A precursor condition associated with many brachial plexus birth injuries is shoulder dystocia, a condition that occurs during the birthing process when an infant's shoulder becomes lodged behind the mother's pubic bone. Shoulder dystocia is a high-risk birthing complication that risks serious and permanent damage to the baby's nerve tissues between the arm and the shoulder, the brachial plexus nerves. Brachial plexus injuries, sometimes called obstetrical brachial plexus, can range from a mild muscle stretch injury to a complete separation (avulsion) of nerves from the spinal cord.
Shoulder Dystocia Risk Factors
An obstetrician should be able to identify the common risk factors for shoulder dystocia, and should take precautions to avoid brachial plexus birth injuries. Risk factors for shoulder dystocia include pregnancy beyond 40 weeks, prolonged labor, short maternal stature, heavy maternal stature, maternal diabetes, high birthweight infants, breech birth, and use of forceps or vacuum during birth. If an obstetrician is aware of high risk factors for shoulder dystocia, scheduling a caesarian section can usually prevent a birth injury.
Types of Brachial Plexus Injuries
Brachial plexus injuries can be classified as one of four types: (1) Avulsion injuries; (2) Rupture injuries; (3) Neuroma Injuries; and (4) Neuropraxia injuries. Avulsion injury, where the nerve is torn from the spine, is the most serious type of brachial plexus injury. Rupture injuries cause nerve tearing, but not separation from the spinal cord. A neuroma is the existence of scar tissue surrounding a torn nerve, which puts pressure on the injured nerve. Neuropraxia injuries, also known as praxis injuries, are brachial plexus injuries where the nerve is not torn, and the injury heals on its own over the course of several months.
Brachial Plexus Injury Diagnosis & Treatment
Surgical intervention may be necessary for babies born with severe brachial plexus birth injuries. Other non-surgical treatments may also be recommended, including botulinum toxin injections, electrical stimulation and physical therapy. Babies that recover from brachial plexus injury usually show improvement by four months of age. Infants that are slower to recover are less likely to completely recover. Complete paralysis of the shoulder, arm and hand is known as Complete Brachial Plexus Palsy. Two other neonatal brachial plexus palsies are Erb's Palsy and Klumpke's Palsy.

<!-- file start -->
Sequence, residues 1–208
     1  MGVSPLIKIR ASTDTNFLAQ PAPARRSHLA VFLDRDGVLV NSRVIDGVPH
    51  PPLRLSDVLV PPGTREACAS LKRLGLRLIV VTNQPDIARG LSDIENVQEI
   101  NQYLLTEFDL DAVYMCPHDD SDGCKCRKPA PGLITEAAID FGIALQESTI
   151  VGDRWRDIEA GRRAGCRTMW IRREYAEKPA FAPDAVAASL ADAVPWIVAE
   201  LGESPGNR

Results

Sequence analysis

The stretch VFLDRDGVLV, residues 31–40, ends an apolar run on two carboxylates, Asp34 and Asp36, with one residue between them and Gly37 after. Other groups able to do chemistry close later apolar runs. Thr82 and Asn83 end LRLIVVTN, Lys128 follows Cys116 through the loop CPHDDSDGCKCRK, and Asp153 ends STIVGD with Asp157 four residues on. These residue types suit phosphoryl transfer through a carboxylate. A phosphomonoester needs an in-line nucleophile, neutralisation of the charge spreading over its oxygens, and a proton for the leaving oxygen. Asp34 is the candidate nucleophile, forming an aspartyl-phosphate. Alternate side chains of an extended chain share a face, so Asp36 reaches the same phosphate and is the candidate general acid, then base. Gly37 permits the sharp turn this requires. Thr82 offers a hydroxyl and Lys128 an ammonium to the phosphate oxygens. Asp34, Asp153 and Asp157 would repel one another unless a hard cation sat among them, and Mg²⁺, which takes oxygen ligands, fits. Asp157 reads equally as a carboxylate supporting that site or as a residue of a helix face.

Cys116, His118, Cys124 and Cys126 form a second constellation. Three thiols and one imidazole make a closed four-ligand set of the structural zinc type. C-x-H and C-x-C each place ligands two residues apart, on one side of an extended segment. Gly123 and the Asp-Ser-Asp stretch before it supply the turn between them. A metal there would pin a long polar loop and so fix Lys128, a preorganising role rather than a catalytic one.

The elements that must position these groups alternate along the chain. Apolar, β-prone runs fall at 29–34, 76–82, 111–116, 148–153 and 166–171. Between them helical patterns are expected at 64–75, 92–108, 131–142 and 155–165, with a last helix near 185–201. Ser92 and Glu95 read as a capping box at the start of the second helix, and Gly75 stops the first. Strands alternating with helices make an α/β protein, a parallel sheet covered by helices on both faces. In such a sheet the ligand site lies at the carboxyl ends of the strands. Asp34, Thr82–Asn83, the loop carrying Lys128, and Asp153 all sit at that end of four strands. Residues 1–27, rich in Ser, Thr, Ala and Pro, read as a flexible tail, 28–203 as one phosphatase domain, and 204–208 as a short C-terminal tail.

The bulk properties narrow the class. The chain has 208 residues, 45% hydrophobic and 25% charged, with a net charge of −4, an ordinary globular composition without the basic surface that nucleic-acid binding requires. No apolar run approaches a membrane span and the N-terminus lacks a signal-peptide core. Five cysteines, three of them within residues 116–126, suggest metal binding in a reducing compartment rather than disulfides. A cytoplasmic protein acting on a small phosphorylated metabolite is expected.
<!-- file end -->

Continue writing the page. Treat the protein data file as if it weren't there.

Erb's palsy is a weakness of the upper arm due to a brachial plexus birth injury. Neuropraxia injuries, the mildest form of brachial plexus injury, cause Erb's Palsy in the location where the injury occurred. A baby diagnosed with Erb's palsy may be unable to move their arm, but may be able to move their fingers. Some babies born with Erb's Palsy fully recover, and others do not.
Dejerine-Klumpke palsy (Klumpke's palsy) is a weakness or paralysis caused by an injury to the lower part of the brachial plexus. Damage to the seventh and eighth cervical and first thoracic nerve cause Klumpke's Palsy. Symptoms include fingers that do not move and a limp wrist and hand. Some babies with Klumpke's Palsy also are diagnosed with Horner's syndrome, a condition where one pupil is smaller than the other, and eyelids are droopy.
Brachial Plexus Birth Injury Lawsuits
Some cases of brachial plexus injuries may be caused by the negligent actions of an obstetrician, physician, nurse, or caregiver. Although not all cases of brachial plexus injury can be attributed to hospital or doctor negligence, this type of injury is a common injury associated with medical malpractice and medical negligence. If your child suffers from Erb's Palsy or Klumpke's Palsy due to a brachial plexus injury at birth, you should contact an experienced birth injury attorney for a review of your legal rights. You may be entitled to compensation for your medical expenses, time away from work, and pain and suffering.
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